What are the long-run effects of the historical German presence in the Baltic region? Are localities with a higher share of German historical population more inclined to be wealthy today? Did the German colonizers bring individualist values such as high levels of work ethic, self-initiative and trust? Furthermore, the overlapping imperial territories of Estland, Livonia (Swedish Livonia), Polish Livonia and the Grand Duchy of Courland offer an additional basis for divergent development paths in the regions of contemporary Latvia and Estonia.
Vitola draws evidence from the 1897 population census in the Russian Empire, which indicates the share of ethnic Germans and other nationalities in Livonia, Estland, Courland and Vitebsk. Moreover, she uses the Life in Transition Survey (LiTS) to identify differential patterns of social capital, trust, individualism and attitudes toward market economy and democracy in contemporary Latvia and Estonia. Income, unemployment and education data are also derived at the local community level (municipalities, parishes and towns).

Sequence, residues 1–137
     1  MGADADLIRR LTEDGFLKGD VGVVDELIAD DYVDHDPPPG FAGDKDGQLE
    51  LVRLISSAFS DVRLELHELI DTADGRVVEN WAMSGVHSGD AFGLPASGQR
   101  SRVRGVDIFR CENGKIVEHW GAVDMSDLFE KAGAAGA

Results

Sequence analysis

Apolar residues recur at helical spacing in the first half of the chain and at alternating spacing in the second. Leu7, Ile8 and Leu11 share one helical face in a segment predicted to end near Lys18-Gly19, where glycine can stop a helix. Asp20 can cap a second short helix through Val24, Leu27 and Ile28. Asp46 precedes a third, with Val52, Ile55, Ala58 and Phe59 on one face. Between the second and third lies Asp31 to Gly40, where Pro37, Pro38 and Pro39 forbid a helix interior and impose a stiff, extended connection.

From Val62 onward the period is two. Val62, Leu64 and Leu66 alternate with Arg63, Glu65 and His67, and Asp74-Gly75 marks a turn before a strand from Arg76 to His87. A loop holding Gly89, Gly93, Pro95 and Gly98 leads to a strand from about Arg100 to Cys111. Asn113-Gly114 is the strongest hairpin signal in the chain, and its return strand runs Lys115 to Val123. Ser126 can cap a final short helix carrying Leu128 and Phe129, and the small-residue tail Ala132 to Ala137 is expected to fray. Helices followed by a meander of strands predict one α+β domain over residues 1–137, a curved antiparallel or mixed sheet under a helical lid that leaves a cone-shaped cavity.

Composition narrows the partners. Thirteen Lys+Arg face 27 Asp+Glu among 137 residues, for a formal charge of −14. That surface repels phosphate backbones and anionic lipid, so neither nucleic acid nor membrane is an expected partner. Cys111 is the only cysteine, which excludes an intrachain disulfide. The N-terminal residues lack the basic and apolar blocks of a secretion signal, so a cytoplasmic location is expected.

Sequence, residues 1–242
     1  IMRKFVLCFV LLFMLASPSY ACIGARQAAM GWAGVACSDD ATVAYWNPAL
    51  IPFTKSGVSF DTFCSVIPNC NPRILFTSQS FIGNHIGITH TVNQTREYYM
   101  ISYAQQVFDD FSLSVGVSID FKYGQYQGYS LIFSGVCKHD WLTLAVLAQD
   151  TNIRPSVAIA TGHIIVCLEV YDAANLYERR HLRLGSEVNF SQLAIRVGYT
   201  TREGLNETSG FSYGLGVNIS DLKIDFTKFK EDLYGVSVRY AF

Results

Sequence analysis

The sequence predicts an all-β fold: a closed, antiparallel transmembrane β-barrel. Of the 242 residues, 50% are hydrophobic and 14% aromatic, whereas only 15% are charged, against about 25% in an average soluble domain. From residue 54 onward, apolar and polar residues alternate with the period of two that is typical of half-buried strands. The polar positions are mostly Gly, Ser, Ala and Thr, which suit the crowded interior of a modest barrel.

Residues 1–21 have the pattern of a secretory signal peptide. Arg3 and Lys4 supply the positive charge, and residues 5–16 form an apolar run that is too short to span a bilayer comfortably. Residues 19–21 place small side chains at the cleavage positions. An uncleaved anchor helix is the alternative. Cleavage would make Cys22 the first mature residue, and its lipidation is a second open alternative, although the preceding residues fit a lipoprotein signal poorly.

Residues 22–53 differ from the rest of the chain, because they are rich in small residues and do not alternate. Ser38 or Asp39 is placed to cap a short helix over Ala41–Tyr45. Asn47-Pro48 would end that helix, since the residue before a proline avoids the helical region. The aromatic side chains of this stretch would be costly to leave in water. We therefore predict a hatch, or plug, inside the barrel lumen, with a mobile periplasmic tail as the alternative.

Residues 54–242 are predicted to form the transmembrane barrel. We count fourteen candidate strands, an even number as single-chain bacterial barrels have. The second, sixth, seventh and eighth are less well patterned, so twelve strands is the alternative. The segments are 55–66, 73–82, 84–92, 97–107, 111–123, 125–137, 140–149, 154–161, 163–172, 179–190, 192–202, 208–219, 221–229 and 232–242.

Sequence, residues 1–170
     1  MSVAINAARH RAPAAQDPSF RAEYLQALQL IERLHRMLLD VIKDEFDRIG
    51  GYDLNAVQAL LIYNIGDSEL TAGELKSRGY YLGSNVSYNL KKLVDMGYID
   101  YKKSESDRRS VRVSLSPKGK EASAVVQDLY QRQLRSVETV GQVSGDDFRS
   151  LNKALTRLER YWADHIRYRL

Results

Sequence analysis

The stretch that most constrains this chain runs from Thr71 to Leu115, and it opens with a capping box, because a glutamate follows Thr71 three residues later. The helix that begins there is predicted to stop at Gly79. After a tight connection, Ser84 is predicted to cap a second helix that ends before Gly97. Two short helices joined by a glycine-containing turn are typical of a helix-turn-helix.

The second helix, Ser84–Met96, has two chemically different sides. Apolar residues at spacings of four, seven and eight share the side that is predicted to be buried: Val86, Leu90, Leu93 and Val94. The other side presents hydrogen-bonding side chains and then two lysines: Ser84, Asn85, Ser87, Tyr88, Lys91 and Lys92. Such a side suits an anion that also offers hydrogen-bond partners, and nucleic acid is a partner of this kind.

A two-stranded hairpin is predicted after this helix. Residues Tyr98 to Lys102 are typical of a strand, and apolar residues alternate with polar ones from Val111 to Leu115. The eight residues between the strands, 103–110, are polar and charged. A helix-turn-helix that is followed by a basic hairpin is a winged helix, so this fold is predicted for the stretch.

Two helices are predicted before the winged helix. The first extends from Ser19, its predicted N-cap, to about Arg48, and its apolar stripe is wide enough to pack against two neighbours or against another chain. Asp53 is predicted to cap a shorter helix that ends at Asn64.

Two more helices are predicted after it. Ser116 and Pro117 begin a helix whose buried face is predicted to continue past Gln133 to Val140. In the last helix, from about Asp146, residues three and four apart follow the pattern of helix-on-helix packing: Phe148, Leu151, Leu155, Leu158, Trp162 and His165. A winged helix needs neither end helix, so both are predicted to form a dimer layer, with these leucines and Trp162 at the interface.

Alise Vitola was born in Latvia and received her Ph.D. in Economics from Riga Technical University in 2016. Currently she is doing a post-doc research in the Free University of Berlin, Germany. Her research interests include comparative economic development, institutional economics and regional development.
Co-sponsored by the Institute for European Studies, the Department of Central Eurasian Studies, and the Russian and East European Institute.